“Attack Proxy” is, for the purposes of this, a hidden entity that will never show up in any descriptions under normal conditions. It is a proxy through which the operation of the “attack” command may be modified. There could be any number of proxies for any number of functions. I’m thinking here of, say, “ask” proxies, “look” proxies, etc.

The machine has been made to understand “attacking” as "giving either the current weapon or the specified weapon to the hidden entity “Attack Proxy” and instructing it to attack the specified target; thus

is the same as

whereupon it returns something like

under standard conditions.

and if certain conditions are met, the attack proxy (or ask proxy, or whatever) gives certain responses, e.g.

(you’re in the Chicago Dero Caves and tried attack once)

(this is like the “mistake” feature)

(you’re in the Chicago Dero Caves and tried attack twice)

(like the “mistake” feature with changing mistake text)

(you’re in the Chicago Dero Caves and tried attack three times)

Then, the fourth time, you shoot and almost get eviscerated by angry deros.

Another example would be, say, “ask” with no arguments:

(you’re a Dero in the Chrysler Basement and trying “ask” once:)

(you’re a Dero in the Chrysler Basement and trying “ask” twice:)

(you’re a Dero in the Chrysler Basement and trying “ask” five times:)

(you’re a Dero in the Chrysler Basement and trying “ask” more than five times:)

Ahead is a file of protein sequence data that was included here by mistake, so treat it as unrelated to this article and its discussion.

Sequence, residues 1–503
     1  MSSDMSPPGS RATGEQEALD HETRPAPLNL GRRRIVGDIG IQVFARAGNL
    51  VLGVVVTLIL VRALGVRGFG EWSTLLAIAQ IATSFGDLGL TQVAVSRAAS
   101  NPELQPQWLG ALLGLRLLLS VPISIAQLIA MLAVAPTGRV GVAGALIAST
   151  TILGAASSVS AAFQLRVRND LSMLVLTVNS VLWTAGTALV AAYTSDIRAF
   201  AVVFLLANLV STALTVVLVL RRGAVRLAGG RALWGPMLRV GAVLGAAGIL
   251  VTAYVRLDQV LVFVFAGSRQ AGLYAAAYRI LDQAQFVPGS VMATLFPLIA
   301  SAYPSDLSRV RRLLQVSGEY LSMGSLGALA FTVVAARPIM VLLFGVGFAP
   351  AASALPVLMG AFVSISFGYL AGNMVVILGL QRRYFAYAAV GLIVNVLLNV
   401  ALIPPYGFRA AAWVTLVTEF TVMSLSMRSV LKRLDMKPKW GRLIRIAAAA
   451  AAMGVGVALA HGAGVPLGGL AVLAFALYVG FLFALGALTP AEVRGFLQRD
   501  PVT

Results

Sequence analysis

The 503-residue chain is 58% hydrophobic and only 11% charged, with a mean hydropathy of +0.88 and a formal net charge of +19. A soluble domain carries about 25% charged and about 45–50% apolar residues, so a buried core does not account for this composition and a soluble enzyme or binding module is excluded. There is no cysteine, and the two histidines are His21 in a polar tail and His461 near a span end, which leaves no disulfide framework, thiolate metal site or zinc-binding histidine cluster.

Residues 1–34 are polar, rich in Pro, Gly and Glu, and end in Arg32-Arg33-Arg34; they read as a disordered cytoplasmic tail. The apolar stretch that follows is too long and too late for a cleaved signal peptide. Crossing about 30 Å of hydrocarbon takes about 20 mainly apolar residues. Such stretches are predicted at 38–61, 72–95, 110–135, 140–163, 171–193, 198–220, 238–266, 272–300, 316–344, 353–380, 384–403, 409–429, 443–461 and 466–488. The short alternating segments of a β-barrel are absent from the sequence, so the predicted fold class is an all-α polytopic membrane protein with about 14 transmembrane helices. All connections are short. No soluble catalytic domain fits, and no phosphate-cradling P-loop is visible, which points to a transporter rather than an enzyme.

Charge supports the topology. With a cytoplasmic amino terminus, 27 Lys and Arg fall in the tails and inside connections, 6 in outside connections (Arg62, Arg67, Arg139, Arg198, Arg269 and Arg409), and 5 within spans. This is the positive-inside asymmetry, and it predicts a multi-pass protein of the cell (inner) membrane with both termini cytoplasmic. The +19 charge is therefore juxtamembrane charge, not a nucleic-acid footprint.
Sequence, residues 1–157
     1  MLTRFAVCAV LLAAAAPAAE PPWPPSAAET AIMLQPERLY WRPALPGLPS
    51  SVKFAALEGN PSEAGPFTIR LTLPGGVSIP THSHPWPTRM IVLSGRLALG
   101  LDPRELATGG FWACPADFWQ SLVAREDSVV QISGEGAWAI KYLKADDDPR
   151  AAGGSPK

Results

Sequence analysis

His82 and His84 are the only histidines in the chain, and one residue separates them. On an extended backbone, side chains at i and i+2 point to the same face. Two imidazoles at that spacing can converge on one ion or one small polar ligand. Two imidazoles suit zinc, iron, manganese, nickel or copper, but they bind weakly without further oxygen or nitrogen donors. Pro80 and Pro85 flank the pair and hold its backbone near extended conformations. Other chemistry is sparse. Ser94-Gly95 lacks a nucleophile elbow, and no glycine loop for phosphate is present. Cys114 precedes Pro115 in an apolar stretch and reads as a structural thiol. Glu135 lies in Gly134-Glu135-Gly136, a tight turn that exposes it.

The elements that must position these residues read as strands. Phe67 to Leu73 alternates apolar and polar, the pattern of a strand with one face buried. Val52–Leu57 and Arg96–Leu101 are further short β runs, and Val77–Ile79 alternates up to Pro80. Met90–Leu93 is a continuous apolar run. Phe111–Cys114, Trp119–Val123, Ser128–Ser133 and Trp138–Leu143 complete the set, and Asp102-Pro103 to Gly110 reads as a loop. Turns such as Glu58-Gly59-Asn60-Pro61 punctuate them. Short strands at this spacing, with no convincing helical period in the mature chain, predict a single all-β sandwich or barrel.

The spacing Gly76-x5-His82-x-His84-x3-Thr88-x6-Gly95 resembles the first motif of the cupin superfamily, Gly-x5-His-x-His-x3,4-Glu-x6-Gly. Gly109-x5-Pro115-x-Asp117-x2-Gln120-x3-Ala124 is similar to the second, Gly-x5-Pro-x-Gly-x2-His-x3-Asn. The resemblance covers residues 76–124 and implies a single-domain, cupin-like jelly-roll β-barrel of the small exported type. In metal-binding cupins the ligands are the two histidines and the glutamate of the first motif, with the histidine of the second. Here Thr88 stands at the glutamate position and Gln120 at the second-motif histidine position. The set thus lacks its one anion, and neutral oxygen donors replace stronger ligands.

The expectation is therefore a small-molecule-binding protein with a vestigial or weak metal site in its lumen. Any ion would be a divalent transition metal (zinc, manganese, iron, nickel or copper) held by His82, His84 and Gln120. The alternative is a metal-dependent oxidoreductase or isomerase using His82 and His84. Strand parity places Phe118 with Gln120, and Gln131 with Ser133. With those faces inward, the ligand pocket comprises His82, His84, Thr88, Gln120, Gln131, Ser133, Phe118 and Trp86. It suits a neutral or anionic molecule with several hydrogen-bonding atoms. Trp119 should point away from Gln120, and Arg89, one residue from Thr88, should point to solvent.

(or if you tried to ask “about” something to the empty room it could list the topic you tried to ask about in the last failure text)

Or maybe

(touching Jack in the coalroom before you’ve met Jack, and he’s not there:)

(touching Jack in the coalroom after you’ve met Jack, and he’s not there:)

I may have got it all wrong, but it seems to me that you want to have a stunt man perform these actions on behalf of the Player Character, while it should still look for all the world (and particularly for the player of the game) as if the PC was the actor.

But what is the point of modelling it that roundabout way? Why not let the PC perform these actions himself/herself in the first place? Why the stunt man?

I think you’re overthinking the problem a bit. I don’t see a reason to use some proxy object when you could just, well, do the same thing without it.

For example the attacking scenario (I don’t know what a dero is but let’s just make two of them):

[code]Outside caves is a room.
Chicago Caves is inside from Outside caves.
The player carries a revolver and a pencil.

A dero is a kind of thing. One dero is in Outside caves. One dero is in Chicago Caves.

Attacking it with is an action applying to one visible thing and one thing.
Understand “attack [something] with [something preferably held]” as attacking it with.

[The default response to attacking something]
Check attacking with:
say “Not a good idea.” instead.

[attacking with a non-weapon]
Check attacking with when the second noun is not the revolver:
say “[The second noun] is not a weapon!” instead.

[Attacking a dero normally]
Instead of attacking a dero with a revolver:
say “You shoot the dero, causing a puff of dust to release from its gruelike fur.”;
[+ whatever combat mechanisms you have]

[attacking in the caves]
Instead of attacking something with a revolver when the location is the Chicago Caves for the first time:
say “SHOOT it? Are you nuts? You’ll have the whole cavern of them after you! Run!”

Instead of attacking something with a revolver when the location is the Chicago Caves for the second time:
say “While you’re trying to solve everything with a gun, that oversized teddy bear is almost on top of you.”

Instead of attacking something with a revolver when the location is the Chicago Caves for the third time:
say “Fine. Do whatever. Get yourself killed. I hope you have UNDO enabled, you fool.”

Instead of attacking something with a revolver when the location is the Chicago Caves for the fourth time: